Not to be outdone, the woman in the jogging suit spoke up. “Prettiest in looks and deeds—I hear that you’re quite the athlete.”

“Thanks,” Ellie said. Under her breath she muttered, “I guess.”

The satyr looked at the women and then back at Ellie. “You will probably want to get right back to whatever it was that you were doing.” He paused.

“A book,” Ellie said. “I was reading a book, and I still have some homework to do.”

“Your book,” the satyr continued. “I just need a quick favor. It has to do with this.” He reached into a bag and pulled out the golden apple.

Ellie’s eyes grew wide, and she gasped in amazement. It was the most beautiful thing she had ever seen—nothing she had seen in the Louvre Atlanta or Boston Museum of Fine Arts could compare with its brilliance or craftsmanship! She read the tag, “Prettiest.”

“It’s not for you,” the satyr said, putting it back into his bag. “It’s for one of them. You get to decide who it belongs to. You could say it’s a contest. You’re the judge, Prettiest.”

Ellie looked at the women. They were all beautiful. “I don’t think I can make a decision like that,” she said.

Athena strode towards Ellie, put her arm around her shoulders, and turned her away from the others. “Let me make this easy for you,” she said. “I’m the Goddess of Wisdom. If you pick me, everything gets a lot easier. You will get the top grade in every class for the rest of your life—even math. You get a full scholarship to the university of your choice, whether it’s in Paris or New York or London, and you are guaranteed your dream job right after you graduate—valedictorian, of course. Just give me the golden apple.”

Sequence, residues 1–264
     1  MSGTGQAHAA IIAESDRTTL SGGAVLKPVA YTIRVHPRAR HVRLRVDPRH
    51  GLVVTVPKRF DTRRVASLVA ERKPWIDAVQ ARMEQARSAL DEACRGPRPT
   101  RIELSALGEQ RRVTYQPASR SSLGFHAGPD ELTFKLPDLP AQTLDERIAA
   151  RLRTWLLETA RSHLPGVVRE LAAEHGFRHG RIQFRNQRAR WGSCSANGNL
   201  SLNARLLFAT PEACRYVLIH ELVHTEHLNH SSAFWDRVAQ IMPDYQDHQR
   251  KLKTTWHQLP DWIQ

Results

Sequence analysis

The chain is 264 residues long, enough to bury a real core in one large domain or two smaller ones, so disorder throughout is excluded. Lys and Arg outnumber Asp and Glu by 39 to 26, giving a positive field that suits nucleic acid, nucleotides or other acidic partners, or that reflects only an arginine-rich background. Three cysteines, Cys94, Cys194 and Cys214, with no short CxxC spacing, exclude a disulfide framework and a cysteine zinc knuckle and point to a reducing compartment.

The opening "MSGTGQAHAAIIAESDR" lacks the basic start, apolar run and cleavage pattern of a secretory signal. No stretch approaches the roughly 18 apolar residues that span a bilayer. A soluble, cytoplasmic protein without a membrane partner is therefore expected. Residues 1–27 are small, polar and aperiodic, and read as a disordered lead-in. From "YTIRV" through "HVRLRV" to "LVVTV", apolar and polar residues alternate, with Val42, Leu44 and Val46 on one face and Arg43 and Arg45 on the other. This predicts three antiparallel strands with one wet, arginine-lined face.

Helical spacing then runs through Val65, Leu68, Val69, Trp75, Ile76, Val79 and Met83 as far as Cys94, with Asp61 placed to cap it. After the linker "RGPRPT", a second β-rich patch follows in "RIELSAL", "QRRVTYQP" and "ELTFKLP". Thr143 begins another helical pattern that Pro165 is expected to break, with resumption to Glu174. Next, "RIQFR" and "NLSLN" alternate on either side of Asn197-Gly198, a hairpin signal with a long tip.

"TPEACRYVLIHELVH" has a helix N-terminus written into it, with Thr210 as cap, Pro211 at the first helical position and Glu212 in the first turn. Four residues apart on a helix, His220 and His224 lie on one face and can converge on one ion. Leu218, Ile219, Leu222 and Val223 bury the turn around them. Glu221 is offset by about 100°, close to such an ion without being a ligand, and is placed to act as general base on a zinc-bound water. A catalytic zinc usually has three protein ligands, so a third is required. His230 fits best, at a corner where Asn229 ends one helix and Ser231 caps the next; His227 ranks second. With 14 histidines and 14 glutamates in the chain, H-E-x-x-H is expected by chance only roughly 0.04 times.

Ellie grinned. “Nice,” she said. “You said New York, right?”

Athena winked at her. “Nice eyes,” she whispered.

“Oh Ellie, let Auntie Artemis talk with you.” Ellie spun around and faced the goddess in the jogging suit. “Ellie, I can tell that you’re a winner, just by the look of you.”

Ellie nodded.

“I’m the Goddess of Girlhood,” Artemis continued. “Did you like the Olympics last summer? If you like winning, you like the Olympics, and I can help you get a gold medal…or three…or ten if you want. You will run and run, leaving everyone in your dust. And since I’m the Goddess of Girlhood, you’ll always be the BFF, you will never run out of friends.”

“Sweet,” Ellie explained.

“Sure it is,” Artemis giggled. “All you have to do is give me the golden apple. Let’s get together for lunch sometime. Where is your table at lunch?”

“Now Artemis run along.” Aphrodite strode up to Ellie. “It’s time for a woman-to-woman chat.”
Ellie’s lips lifted into a smile.

“Your lips are just beautiful,” Aphrodite said. “I would suggest a light pink lipstick—nothing too strong.”

“O….K….” Ellie said, expectantly.